Coronavirus pandemic

Chef keeps busy with temp job as supermarket worker

To ease manpower crunch, Dairy Farm Group is working with some hotels to redeploy their staff in new roles

Mr Alex Yeo, a sous-chef at Jiang-Nan Chun at Four Seasons Hotel Singapore, stocking shelves at Cold Storage at The Rail Mall. He is among more than 150 staff from seven hotels who have been redeployed to stores under the Dairy Farm Group. ST PHOTO:
Mr Alex Yeo, a sous-chef at Jiang-Nan Chun at Four Seasons Hotel Singapore, stocking shelves at Cold Storage at The Rail Mall. He is among more than 150 staff from seven hotels who have been redeployed to stores under the Dairy Farm Group. ST PHOTO: KELVIN CHNG

In normal times, Mr Alex Yeo whips up tantalising dishes at Michelin-starred Cantonese restaurant Jiang-Nan Chun.

But this week, the sous-chef who has been with Four Seasons Hotel Singapore for 19 years started work as a sales assistant at Cold Storage at The Rail Mall, where he restocks shelves with fruits, vegetables and meat.

Before Monday, he had been using his annual leave to rest at home as the restaurant had to close for the circuit breaker period.

"Thankfully, I've this job now and there's no need to take no-pay leave. I can also learn new things and meet new colleagues," he said.

Mr Yeo, 46, is among more than 150 Singaporean and permanent resident staff from seven hotels who have been redeployed to Cold Storage, Giant and Guardian stores under the Dairy Farm Group.

They are working in roles such as cashiers, sales assistants and retail assistants for one to three months.

Ms Jennifer Lee, Dairy Farm's human resources director for South-east Asia, said the company is working with the Food, Drinks and Allied Workers Union (FDAWU) to expand the programme further, depending on manpower needs.

The retailer is facing a labour shortage because more than 500 staff have been unable to return from Malaysia due to the country's movement control order.

At the same time, its supermarkets have been busier, and staff are needed to enforce Covid-19 measures such as temperature screening and safe distancing, said Ms Lee.

"We needed to quickly bring additional manpower on board and saw an opportunity to support other affected industries by offering recruitment opportunities to their staff," she said.

Part-timers from other industries such as airlines are also working with the group.

  • >500

  • Number of Dairy Farm Group staff who have been unable to return from Malaysia due to the country's movement control order. At the same time, its supermarkets have been busier, and workers are needed to enforce Covid-19 measures such as temperature screening and safe distancing.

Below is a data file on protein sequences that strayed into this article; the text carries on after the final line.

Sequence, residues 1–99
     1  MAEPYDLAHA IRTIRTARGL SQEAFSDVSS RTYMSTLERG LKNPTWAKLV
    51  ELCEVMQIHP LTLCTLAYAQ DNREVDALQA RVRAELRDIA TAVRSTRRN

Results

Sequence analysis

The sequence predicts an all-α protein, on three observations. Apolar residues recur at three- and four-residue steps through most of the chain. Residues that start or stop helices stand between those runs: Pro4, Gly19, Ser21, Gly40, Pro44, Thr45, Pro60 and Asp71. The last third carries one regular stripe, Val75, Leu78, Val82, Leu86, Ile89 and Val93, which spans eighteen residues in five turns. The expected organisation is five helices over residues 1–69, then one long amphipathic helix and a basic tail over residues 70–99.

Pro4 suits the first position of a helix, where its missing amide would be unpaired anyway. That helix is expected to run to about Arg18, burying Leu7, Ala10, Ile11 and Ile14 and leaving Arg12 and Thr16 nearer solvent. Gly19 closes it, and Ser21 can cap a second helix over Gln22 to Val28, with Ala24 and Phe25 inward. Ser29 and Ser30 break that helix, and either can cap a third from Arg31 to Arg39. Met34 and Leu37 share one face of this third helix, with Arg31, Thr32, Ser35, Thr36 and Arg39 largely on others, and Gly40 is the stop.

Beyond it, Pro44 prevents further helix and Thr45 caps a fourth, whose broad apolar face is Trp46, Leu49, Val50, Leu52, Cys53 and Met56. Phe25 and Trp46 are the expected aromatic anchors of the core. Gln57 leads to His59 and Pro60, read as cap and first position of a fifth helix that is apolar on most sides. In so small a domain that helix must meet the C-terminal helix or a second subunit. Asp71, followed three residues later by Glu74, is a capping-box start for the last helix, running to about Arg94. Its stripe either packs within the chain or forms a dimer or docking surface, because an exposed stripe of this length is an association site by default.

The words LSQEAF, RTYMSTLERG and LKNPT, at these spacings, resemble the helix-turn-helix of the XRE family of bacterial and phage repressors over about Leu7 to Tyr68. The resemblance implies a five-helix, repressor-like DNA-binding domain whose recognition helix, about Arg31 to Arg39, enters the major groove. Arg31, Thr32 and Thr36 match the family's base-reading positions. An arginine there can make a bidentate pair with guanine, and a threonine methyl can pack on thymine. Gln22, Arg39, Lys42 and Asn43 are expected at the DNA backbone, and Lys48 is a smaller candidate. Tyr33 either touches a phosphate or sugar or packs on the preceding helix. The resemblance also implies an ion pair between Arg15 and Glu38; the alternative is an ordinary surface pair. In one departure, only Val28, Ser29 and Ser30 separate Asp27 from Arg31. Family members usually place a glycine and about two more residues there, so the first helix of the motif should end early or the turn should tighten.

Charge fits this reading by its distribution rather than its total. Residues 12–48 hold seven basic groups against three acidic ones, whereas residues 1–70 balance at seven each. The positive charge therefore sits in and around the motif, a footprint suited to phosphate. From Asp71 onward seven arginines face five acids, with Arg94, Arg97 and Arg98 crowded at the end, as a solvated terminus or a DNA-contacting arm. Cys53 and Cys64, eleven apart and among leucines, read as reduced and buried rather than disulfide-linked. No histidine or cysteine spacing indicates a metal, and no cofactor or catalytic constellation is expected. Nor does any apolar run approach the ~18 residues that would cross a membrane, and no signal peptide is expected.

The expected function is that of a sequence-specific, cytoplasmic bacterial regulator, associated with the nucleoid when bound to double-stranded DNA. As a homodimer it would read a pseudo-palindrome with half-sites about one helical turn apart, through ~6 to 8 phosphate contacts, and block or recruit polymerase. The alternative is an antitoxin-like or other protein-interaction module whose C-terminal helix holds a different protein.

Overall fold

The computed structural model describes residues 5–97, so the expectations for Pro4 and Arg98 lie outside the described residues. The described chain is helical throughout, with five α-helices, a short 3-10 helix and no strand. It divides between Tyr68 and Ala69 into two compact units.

Since early last month, FDAWU has also been working with government agencies and companies such as food manufacturing firms and fast-food outlets to place some 1,000 hotel workers in new roles, such as SG Clean ambassadors, said its general secretary Tan Hock Soon.

The union hopes this will protect the survival of hotels - which have been badly hit by the fall in tourist numbers - and the livelihoods of workers, Mr Tan added.

The Dairy Farm scheme started on April 21 with staff from Fairmont Singapore and Swissotel The Stamford. Other hotels now on board include Four Seasons Hotel Singapore and Mandarin Oriental, Singapore.

Dairy Farm pays the hotels a fixed fee for each worker. It also provides on-the-job training.

Fairmont and Swissotel, Four Seasons and Mandarin Oriental said they continue to pay the workers their regular salaries.

Mr Marcus Hanna, general manager of Fairmont Singapore and Swissotel The Stamford, said rank-and-file workers have not had their salaries cut. Besides the 76 staff working at Dairy Farm stores, some are redeployed at other companies, some have taken paid leave while others are going for training.

Swissotel senior duty manager Sukunah Ramasamy, 57, restocks shelves and takes temperatures as a sales assistant at Cold Storage in Holland Village.

Her interpersonal skills from 27 years at the hotel come in handy when some customers question the need to queue to enter the store or provide their identification cards.

"I just try to make them smile and help them understand that the Government is doing all these things to try and keep them safe," she said.

Ms Shabana Beevi Mohamed Sultan, 37, an assistant reservations manager at Mandarin Oriental, said her new role as a cashier at a Giant store in Jurong West was challenging at the start as she is used to communicating with hotel guests via phone and e-mail.

She also has to remember the item codes of fruits and vegetables. The on-the-job training helped, and she has learnt to adapt.

"Connecting and assisting people from all walks of life in our community has been enriching," she said.

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A version of this article appeared in the print edition of The Straits Times on May 15, 2020, with the headline Chef keeps busy with temp job as supermarket worker. Subscribe